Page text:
I have been aware that I do better with lists than without them for some time now. It’s a common thing most people that deal with MS are aware of, and probably not news to anyone.
At the cognitive testing, the specialist spent some time harping on this subject. The part of that that stood out to me the strongest was he said he had patients with far more severe neural trauma than I that were still active, productive members of society by spending the first hour of the work day writing up what they were going to do. That is a more extreme solution than I think works for me, but I have gone back to leaning more heavily on planning again, and I’ve already begun to see significant improvements in my daily productivity. I have by no means arrived, but I am going to continue down this road indefinitely, and I highly recommend the same for you too. It takes a little time to find the right balance, but for me the balance is farther into the planning stages of my day than what I was doing. I look forward to increased productivity in the future as I come to a solution that works for me.
I will say that my smartphone has been great with this, even though it is only one of many tools I’m using. I use Android, which gives me access to Google Now. It is nearly universally recognized as the current front-runner in voice recognition and Digital Personal Assistant software fields. It took me some time to accustom myself to it, but now I can set myself reminders including time, day, location, and people, with just a brief sentence spoken to my phone.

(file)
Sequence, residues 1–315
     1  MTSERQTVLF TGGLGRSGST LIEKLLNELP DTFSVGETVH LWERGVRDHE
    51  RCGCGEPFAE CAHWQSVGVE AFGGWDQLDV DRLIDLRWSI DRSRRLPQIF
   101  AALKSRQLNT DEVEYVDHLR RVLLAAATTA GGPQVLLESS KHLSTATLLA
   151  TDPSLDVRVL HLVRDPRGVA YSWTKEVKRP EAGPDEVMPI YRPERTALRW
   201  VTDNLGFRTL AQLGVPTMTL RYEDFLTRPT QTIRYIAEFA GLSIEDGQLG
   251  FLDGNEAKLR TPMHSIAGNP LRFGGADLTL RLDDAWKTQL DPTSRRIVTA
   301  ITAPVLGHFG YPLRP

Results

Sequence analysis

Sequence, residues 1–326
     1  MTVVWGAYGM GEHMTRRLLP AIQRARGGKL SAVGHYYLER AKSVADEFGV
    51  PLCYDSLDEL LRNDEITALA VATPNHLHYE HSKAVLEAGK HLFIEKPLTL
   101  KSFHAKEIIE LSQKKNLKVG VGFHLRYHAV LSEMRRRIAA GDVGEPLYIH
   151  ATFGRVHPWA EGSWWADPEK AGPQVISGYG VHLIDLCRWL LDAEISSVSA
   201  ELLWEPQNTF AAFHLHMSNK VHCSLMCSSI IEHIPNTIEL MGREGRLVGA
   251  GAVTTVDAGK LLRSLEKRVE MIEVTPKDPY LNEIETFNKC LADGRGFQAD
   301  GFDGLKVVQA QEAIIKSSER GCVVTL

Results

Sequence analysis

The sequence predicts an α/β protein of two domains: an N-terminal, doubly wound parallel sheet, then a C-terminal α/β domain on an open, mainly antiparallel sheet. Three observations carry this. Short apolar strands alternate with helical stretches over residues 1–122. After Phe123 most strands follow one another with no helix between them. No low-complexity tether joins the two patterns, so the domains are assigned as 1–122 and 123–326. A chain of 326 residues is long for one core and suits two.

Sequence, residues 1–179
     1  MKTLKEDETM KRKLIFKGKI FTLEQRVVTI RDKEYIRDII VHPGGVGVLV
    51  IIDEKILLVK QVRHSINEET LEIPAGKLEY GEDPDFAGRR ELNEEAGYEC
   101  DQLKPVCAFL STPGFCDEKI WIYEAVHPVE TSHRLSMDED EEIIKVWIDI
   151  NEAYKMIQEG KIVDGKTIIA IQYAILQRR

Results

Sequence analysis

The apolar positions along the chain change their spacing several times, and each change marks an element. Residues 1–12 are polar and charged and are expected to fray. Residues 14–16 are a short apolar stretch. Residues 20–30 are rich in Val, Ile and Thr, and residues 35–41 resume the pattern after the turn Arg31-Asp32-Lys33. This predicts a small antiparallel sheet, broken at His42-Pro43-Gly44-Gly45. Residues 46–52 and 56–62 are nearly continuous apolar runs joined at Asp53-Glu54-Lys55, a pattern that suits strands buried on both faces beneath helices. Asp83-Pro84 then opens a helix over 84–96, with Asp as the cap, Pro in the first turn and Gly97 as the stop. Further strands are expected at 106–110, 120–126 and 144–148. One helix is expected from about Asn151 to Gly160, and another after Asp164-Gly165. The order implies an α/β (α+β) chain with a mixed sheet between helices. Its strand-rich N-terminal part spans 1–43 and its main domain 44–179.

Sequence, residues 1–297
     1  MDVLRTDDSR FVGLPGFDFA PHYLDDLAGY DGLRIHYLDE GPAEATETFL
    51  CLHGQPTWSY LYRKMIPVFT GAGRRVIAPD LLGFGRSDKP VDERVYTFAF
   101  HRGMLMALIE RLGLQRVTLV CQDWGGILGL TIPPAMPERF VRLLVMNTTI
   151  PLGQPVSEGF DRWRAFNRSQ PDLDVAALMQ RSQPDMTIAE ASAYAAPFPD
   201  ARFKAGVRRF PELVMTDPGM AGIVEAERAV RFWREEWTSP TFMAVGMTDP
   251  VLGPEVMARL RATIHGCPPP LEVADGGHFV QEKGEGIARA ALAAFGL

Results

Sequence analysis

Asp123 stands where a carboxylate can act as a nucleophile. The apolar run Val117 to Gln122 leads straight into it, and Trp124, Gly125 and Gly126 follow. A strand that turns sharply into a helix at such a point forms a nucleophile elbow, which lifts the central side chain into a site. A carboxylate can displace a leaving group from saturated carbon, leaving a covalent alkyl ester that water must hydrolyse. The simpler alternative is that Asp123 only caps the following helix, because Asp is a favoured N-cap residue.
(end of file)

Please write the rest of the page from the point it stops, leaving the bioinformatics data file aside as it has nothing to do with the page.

Astronauts, surgeons, engineers – These people all do difficult and dangerous things that require a very minimal margin of error. This is achieved though – you guessed it – lots of practice, and lots and lots of lists.
Here is a wonderful talk given by Chris Hadfield on how people in extremely high-stress situations handle things. If you pay attention to the talk about prepping, you know a lot of lists were made and followed.